Most people, even the staunchest supporters of the ACA, admit to a mixed bag of both pros and cons.  For most hospitals, it’s been business as usual because many of the elements of the Act are either continuations or expansions of programs already in place, such as the CQI initiative promoting quality assurance.  From a financial standpoint, dollars have shifted, causing both employers and patients to pay more out-of-pocket in order to assure that the vast majority of our country’s citizens have some type of healthcare insurance.  And, while hospitals, theoretically, are treating a higher percentage of patients with some type of insurance, the decrease in uncompensated care has yet to eclipse the impact of reduced or capitated reimbursements.

Additionally, a full six years after its adoption, there have been many starts and stops of programs stemmed from the ACA due to planning issues or underestimated impact of certain changes.  This is not completely unexpected as historically, CMS has experienced a number of challenges in implementing complex programs.  One clear example:  the first ICD-10 codes were mandated in by the government in 1999, but it was 2016 when they were fully implemented across all CMS entities.

There is one certainty in our future…regardless of who wins the next election, the costs of healthcare will continue to rise at a disproportionate rate of the entire gross domestic product of the country.

One of the most critical decisions that will, most likely, be impacted by the next POTOS and SCOTUS is the inevitable changes to our country’s core entitlement programs.  The most recent estimates show the Medicare program will be completely depleted of funds by the year 2028 – a mere 12 years from now.  Our next contingent of leaders will have to make some hard decisions and deep cuts to salvage the program, and if history teaches us anything, any cut, no matter how necessary, will be met with staunch resistance and criticism.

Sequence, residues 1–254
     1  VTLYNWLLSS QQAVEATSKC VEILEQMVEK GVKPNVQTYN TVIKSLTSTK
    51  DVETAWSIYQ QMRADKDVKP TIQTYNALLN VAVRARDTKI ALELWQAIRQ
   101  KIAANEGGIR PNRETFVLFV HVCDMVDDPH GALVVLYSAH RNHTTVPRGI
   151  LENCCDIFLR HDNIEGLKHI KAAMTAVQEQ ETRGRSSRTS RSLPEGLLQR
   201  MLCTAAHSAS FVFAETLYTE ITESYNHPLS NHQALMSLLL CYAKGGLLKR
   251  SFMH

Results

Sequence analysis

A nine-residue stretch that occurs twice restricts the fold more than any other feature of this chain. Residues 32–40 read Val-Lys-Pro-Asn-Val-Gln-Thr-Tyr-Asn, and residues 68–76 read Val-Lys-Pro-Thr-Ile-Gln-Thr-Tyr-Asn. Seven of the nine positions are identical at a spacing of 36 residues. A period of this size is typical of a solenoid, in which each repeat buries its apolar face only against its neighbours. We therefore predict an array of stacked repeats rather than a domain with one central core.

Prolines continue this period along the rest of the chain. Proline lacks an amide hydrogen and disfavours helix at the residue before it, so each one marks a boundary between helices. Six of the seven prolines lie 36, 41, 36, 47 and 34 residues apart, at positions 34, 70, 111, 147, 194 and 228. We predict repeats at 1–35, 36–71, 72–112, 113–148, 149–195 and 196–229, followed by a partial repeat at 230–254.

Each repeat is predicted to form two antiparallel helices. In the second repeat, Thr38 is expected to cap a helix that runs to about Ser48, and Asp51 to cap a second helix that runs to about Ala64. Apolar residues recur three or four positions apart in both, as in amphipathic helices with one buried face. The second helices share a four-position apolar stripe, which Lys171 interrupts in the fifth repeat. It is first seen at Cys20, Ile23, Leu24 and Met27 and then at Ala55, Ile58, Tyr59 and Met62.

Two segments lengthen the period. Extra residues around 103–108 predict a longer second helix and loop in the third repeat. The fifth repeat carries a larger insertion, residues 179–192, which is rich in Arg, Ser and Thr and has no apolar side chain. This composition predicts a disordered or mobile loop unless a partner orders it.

So, even though all eyes will be on the candidates in the months leading up to Election Day on Tuesday, November 8, we know that the real scrutiny will only come AFTER, when the President-elect will take office and be faced with filling a Supreme Court vacancy and the continuing challenges to the Affordable Care Act.

Corazon offers consulting, recruitment, interim management, and information technology services to hospitals and practices in the heart, vascular, neuro, and orthopedics specialties.  Find Corazon on facebook at or on LinkedIn at  To learn more, call 412-364-8200 or visit To reach the author, email [email protected]


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The Editorial Team at Healthcare Business Today is made up of skilled healthcare writers and experts, led by our managing editor, Daniel Casciato, who has over 25 years of experience in healthcare writing. Since 1998, we have produced compelling and informative content for numerous publications, establishing ourselves as a trusted resource for health and wellness information. We offer readers access to fresh health, medicine, science, and technology developments and the latest in patient news, emphasizing how these developments affect our lives.